He might have been a social reactionary in some ways, but he was also a futurist and a man of reason if not of letters. Lovecraft saw life as a battle between science and charlatanry.
In fact, the oldest surviving writing of his — in 1906, at age 16 — was a scathing letter about an astrologist:
"To the Editor of The Sunday Journal: In the Journal for May 17, I notice among the letters to the editor a set of astrological predictions for 1906. Passing over the fact that astrology is but a pseudo science, not entitled to intelligent consideration, I wish to call attention to a striking inaccuracy in the aforementioned article. Its writer mentions a transit of Mars over the sun in July. Of course, as Mars is a superior planet, or one outside of earth’s orbit, it cannot transit over the sun."
His attacks on astrologers just got better and more outrageous the older he got. In 1914, he began a flame war in his local newspaper for which he also wrote a column, railing against a local astrologer’s predictions:
"No sooner do we deem ourselves free from a particularly gross superstition, than we are confronted by some enemy to learning who would set aside all the intellectual progress of years, and plunge us back into the darkness of mediaeval disbelief."
In The Call of Cthulhu 12 years later, he flips that around — suddenly it is “the sciences” that have harmed us little but will eventually make us “go mad from the revelation or flee from the deadly light into the peace and safety of a new dark age.” On face value, they seem like different arguments, but Lovecraft is more subtle than that, and is making a finer point.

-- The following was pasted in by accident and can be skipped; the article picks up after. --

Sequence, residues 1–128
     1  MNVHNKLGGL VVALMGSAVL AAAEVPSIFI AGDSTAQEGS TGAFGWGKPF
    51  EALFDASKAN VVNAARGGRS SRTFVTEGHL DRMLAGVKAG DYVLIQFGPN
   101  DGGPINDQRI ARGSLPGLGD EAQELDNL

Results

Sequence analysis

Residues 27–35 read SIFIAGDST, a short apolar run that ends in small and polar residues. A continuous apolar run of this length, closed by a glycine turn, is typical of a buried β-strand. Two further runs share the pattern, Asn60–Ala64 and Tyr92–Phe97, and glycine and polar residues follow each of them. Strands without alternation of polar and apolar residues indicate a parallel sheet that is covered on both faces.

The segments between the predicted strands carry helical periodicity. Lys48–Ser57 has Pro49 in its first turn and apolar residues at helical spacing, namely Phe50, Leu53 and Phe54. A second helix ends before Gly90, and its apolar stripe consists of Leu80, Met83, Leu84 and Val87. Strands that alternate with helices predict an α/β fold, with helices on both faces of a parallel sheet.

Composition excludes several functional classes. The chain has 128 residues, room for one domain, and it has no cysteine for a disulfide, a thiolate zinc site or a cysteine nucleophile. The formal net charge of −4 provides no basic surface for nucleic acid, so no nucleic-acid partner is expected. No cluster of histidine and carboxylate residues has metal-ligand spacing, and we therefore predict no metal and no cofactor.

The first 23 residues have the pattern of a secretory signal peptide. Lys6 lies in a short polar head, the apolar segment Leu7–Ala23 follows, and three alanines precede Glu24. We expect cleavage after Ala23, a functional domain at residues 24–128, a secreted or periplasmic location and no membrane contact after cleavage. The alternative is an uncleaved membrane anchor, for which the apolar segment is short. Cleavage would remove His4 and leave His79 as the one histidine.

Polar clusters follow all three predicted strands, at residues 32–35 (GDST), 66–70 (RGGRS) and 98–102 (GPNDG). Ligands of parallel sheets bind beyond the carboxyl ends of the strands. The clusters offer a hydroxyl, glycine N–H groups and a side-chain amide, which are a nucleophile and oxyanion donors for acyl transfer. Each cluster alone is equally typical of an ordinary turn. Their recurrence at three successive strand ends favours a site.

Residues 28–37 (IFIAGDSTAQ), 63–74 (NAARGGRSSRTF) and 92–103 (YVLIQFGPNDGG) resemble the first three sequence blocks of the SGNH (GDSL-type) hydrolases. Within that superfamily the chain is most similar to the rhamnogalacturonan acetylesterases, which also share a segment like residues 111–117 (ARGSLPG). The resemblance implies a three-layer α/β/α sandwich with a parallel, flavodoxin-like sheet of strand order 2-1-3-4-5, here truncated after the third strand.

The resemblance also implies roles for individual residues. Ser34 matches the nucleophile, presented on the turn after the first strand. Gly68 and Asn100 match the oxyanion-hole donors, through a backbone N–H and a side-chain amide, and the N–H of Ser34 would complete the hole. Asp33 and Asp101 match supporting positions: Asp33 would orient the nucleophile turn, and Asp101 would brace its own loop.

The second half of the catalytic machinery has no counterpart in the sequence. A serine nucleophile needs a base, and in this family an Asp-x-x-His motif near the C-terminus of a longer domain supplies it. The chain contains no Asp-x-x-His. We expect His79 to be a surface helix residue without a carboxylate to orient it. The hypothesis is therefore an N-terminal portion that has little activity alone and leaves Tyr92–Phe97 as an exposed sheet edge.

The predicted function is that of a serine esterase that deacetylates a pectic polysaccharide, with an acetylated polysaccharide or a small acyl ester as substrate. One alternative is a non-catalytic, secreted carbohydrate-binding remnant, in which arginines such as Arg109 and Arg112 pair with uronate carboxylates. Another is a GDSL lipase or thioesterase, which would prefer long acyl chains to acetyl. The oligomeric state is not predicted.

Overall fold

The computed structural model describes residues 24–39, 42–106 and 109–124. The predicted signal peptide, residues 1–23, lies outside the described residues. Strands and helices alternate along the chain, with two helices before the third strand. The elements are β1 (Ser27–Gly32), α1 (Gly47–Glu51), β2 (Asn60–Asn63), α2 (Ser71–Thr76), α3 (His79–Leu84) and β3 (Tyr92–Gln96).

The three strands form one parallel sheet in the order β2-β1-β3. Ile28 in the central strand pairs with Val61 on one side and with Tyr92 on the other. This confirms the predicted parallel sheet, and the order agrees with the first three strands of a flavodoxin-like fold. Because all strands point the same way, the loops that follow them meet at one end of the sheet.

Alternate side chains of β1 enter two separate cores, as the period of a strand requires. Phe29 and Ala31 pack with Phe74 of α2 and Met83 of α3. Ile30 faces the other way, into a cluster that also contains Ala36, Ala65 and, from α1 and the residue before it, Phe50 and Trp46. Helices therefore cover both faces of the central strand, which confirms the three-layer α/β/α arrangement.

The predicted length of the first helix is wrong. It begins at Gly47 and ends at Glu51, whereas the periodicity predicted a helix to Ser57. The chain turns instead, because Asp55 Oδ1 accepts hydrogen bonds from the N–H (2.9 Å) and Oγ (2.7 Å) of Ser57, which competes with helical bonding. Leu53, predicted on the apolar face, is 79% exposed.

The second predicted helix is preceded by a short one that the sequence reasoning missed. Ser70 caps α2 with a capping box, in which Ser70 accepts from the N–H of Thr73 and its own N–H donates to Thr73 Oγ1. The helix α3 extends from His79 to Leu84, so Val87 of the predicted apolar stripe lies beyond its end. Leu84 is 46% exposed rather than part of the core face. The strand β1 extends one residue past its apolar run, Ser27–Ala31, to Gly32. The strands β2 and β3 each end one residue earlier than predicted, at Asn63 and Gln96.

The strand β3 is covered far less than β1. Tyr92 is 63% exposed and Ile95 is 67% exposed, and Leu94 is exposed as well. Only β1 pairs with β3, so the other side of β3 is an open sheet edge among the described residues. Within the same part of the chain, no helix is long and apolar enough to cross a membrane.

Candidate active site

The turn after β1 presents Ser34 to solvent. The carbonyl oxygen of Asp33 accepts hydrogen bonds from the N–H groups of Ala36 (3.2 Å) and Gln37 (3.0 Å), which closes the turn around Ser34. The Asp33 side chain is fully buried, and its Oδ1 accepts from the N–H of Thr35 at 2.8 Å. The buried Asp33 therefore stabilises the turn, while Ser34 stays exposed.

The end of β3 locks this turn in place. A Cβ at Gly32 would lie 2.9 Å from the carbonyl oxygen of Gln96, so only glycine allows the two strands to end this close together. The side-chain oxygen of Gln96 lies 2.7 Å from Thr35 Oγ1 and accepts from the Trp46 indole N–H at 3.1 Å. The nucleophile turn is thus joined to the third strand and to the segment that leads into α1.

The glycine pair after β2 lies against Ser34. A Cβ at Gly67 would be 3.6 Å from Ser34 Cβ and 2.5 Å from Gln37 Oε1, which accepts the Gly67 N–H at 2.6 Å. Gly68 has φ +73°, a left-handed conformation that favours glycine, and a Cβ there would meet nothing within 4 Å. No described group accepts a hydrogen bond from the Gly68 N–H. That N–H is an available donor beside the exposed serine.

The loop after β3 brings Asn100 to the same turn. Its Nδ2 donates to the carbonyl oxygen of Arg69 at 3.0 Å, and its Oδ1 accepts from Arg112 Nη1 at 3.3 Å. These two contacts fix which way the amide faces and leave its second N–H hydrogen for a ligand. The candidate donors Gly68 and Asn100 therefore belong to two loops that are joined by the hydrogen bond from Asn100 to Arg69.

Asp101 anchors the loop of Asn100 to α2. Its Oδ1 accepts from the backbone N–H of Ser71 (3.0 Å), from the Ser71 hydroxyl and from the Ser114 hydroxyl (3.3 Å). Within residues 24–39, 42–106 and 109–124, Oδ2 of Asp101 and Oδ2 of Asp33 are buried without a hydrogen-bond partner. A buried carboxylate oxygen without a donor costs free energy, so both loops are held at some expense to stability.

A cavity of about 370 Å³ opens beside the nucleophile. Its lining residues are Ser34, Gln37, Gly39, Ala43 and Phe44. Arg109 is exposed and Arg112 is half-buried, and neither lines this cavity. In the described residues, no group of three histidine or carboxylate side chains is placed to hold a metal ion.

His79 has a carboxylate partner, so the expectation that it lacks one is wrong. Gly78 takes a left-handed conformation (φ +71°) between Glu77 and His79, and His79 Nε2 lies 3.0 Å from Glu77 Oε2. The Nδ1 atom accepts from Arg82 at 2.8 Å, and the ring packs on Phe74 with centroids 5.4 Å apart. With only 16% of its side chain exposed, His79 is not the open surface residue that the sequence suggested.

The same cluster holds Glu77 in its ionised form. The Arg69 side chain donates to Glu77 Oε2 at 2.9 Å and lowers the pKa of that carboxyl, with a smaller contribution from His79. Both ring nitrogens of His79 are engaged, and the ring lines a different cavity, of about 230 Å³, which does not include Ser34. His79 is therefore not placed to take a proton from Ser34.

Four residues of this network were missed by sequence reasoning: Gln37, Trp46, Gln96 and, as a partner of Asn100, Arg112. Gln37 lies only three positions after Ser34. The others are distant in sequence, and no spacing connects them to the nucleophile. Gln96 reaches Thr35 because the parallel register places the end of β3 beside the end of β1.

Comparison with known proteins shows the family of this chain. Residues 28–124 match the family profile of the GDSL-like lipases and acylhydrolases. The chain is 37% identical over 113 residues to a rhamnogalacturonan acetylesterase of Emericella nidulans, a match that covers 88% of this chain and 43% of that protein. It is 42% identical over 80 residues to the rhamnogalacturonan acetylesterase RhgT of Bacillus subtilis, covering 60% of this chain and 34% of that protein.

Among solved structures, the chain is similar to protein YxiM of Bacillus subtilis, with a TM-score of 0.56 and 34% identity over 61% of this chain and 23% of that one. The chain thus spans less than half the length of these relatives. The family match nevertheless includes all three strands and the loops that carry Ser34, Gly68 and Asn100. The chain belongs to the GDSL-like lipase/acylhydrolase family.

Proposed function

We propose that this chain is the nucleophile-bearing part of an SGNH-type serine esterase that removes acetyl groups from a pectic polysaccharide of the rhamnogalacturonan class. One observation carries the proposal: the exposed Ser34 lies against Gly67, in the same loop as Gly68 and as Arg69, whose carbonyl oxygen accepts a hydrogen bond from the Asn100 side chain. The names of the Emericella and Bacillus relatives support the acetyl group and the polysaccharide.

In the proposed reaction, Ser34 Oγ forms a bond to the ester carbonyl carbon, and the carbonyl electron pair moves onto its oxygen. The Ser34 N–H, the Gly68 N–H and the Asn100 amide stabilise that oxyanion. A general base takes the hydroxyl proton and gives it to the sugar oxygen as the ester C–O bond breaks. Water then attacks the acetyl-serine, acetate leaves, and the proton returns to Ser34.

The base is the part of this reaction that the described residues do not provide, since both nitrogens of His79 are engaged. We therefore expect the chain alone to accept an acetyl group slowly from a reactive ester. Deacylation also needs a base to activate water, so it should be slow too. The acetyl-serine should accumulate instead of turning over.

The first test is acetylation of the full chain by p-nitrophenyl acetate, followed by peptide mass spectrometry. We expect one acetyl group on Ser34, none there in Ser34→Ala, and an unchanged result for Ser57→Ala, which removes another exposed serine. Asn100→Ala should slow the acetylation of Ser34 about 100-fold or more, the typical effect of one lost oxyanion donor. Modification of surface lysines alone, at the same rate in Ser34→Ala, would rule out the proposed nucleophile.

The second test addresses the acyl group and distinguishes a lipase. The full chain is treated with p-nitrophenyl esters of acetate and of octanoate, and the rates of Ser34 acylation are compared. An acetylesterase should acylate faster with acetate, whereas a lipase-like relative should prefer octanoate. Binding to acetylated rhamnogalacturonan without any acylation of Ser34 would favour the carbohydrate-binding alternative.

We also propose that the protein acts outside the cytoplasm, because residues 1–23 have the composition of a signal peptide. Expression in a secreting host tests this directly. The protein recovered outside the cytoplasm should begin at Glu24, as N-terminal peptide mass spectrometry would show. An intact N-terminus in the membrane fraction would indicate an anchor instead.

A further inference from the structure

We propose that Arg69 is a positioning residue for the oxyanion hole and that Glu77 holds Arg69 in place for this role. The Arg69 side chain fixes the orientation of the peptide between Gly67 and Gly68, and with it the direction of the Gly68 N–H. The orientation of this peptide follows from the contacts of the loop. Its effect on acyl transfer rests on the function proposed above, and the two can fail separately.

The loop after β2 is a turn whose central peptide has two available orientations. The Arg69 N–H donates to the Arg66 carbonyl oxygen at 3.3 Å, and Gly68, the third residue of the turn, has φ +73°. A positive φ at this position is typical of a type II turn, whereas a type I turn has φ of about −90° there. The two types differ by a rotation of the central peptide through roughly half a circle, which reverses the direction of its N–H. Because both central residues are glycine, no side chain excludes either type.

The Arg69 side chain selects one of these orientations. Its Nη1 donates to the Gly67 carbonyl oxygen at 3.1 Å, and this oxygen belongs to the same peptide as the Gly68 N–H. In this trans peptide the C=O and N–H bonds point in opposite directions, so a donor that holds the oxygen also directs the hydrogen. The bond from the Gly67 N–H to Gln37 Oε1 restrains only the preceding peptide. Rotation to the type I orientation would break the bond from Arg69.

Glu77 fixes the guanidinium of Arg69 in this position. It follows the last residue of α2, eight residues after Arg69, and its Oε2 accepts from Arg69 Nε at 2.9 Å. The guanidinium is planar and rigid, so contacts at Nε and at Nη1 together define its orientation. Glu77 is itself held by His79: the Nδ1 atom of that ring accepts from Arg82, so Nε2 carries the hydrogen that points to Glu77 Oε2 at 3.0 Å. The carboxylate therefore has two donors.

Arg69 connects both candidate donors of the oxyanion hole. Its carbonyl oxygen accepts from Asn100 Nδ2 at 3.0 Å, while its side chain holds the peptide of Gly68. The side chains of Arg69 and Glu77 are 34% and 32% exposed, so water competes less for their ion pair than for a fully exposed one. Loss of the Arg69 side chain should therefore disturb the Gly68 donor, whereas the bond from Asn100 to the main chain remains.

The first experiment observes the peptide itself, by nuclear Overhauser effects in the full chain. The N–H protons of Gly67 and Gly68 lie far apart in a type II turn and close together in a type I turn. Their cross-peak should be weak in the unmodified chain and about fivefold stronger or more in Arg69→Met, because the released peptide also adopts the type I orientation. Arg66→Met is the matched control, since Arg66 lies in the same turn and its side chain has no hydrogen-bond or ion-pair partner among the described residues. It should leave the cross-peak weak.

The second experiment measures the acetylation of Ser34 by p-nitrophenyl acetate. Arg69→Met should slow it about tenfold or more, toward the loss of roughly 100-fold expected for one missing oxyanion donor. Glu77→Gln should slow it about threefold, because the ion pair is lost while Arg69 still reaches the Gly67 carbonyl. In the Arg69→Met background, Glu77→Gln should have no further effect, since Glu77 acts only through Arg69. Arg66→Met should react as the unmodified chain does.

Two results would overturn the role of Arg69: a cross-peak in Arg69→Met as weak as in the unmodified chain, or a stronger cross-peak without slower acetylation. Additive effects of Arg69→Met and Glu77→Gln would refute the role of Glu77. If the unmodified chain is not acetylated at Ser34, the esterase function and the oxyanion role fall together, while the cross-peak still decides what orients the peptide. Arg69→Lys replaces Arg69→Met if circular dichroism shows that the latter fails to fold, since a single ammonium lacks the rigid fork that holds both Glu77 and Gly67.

Eventually, Lovecraft got so frustrated in that particular letter war in 1914, he resorted to satire under a pseudonym borrowed from Swift to bash a famous astrologer. Suddenly, Isaac Bickerstaffe, Jr.’s letters to the same paper supported the astrologer and bashed Lovecraft, all while making even more outrageous predictions for the future than the real astrologist:
"Last and more terrible of all, the collusive quarternary trin of Mars, Mercury, Vulcan and Saturn, in the 13th progressed house of the sign Cancer on Feb. 26, 4954, stands out as plainly as the handwriting on the wall to shew us the awful day on which this earth will finally and infallibly perish through a sudden and unexpected explosion of volcanic gases in the interior."
Of course, less than two weeks later Isaac would announce in another letter he had solved that problem by considering a recently discovered comet:
"From all of which we may easily deduce that on June 29, 4898, or nearly 56 years before the great catastrophe, the comet XY4 will harmlessly encounter our terraqueous globe, safely taking away on its tail the entire human race!"